Compute Parity of a Number using Lookup Table

In this post, we will see how to compute parity of a number using lookup table. The parity refers to the number of 1’s in a given binary number.

 

Odd parity (encoded as 1) means there are an odd number of 1’s and even parity (encoded as 0) means that there are an even number of 1’s. Parity bits are often used as a crude means of error detection as digital data is transmitted and received.

 


 

Naive solution would be to calculate parity by checking each bit of given number n one by one. The time taken is proportional to the number of bits in the number. We can perform better by turning off the rightmost set bit of the number one by one and find the parity. The time it takes is proportional to the number of bits set. We have already discussed both solutions here. In this post, few other interesting solutions are discussed.
 

The idea is to calculate the parity of an integer by recursively dividing the (32-bit) integer into two equal halves and take their XOR until only 1 bit is left. Taking the XOR will cancel out set bits at same position in two halves and since parity will not be effected if we take out even set bits from it (why?), we successfully reduce the problem into half at each step.


For example, we initially split the 32-bit (4 byte) integer into two 16-bit chunks and take their XOR. Then we again split 16-bit chunk into 8-bit chunks and take their XOR. Then 8-bit chunks further get divided into 4-bits chunks and so on.. We continue this process until only 1 bit is left.

C++

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Output:

127 in binary is 01111111
127 contains odd bits

 


 

Optimized version of above solution (less number of operations) –
 
 

C++

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Output:

15 in binary is 00001111
15 contains even bits

 


 

Compute parity using a lookup table –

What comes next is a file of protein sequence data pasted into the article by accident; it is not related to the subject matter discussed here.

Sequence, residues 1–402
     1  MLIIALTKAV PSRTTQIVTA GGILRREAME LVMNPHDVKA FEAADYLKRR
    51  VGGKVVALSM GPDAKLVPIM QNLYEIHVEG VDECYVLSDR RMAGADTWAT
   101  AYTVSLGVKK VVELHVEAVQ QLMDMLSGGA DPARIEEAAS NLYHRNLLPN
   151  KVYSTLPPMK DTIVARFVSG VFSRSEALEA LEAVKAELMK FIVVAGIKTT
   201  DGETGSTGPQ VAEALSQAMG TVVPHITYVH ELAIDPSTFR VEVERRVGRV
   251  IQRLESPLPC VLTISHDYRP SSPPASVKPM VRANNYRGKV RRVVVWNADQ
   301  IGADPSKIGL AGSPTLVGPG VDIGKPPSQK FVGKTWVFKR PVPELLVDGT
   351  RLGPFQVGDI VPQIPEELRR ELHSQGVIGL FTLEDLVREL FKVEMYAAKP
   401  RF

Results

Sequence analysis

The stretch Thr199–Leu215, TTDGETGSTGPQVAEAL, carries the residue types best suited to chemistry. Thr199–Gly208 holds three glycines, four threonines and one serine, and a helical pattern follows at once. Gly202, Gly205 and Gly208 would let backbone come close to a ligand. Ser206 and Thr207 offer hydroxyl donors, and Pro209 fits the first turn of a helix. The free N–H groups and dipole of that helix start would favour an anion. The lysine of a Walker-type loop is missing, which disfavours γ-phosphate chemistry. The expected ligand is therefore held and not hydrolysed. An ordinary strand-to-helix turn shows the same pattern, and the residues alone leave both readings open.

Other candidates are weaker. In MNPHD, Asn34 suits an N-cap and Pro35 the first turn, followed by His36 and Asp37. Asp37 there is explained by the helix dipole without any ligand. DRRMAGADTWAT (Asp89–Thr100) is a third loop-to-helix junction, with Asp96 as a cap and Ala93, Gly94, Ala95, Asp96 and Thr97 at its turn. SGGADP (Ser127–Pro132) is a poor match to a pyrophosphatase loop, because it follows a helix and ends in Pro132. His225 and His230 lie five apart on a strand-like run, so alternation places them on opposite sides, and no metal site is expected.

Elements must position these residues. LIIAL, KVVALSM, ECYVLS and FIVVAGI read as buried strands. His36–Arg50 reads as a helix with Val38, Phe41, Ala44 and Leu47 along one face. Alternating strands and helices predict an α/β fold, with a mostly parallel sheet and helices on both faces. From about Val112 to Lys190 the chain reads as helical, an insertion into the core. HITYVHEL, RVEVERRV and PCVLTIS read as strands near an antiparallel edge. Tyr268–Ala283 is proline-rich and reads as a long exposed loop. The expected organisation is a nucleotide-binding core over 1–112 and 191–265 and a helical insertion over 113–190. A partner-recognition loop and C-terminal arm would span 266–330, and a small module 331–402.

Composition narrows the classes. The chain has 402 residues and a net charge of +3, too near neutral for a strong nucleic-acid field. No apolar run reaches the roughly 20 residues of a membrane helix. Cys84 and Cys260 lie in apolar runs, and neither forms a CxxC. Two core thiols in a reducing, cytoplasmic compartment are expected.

We can use a lookup table to find parity in constant time. An integer in C/C++ usually takes 4 bytes for storage. That means maximum number it can store is 232-1. A lookup table for all 232-1 integers will be infeasible (Not to forget, we have negative numbers too). The trick is to create an 8-bit (1 byte) version of the table, then iterate over each byte in the integer to be checked and summing the results of the table lookup.

1 byte with all its bits set is 255 in decimal (11111111 in binary) and all bits unset is 0 in decimal (00000000 in binary). So lookup table should be of size 256 (0-255).
 

In the solution below, we’re using the macros to generate the lookup table. The lookup table will be generated at compile time by preprocessor. The first and last few numbers of the sequence will be
{ 0, 1, 1, 0, 1, 0, . . . , 0, 1, 0, 1, 1, 0 }
as

Parity of 0 is 0
Parity of 1 is 1
Parity of 2 is 1
Parity of 3 is 0
Parity of 4 is 1
Parity of 5 is 0
. . .
. . .
Parity of 250 is 0
Parity of 251 is 1
Parity of 252 is 0
Parity of 253 is 1
Parity of 254 is 1
Parity of 255 is 0

 
Consider n = 1691315356 (binary 01100100110011110110110010011100),
 

1. Split the 32-bit integer into 16-bit chunks

0110010011001111 | 0110110010011100

 

2. Take their XOR

0110010011001111 ^
0110110010011100
~~~~~~~~~~~~~~~~
0000100001010011

 

3. Split the 16-bit result into 8-bit chunks

00001000 | 01010011

 

4. Take their XOR

00001000 ^
01010011
~~~~~~~~
01011011

 
Now, 01011011 is 91 in decimal and lookup[91] will return 1 (odd parity). In below solution, split and XOR operation happens in single expression for each chunk.

C++

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Output:

17 in binary is 00010001
17 contains even bits

References: https://graphics.stanford.edu/~seander/bithacks.html
 

Thanks for reading.

Please use ideone or C++ Shell or any other online compiler link to post code in comments.
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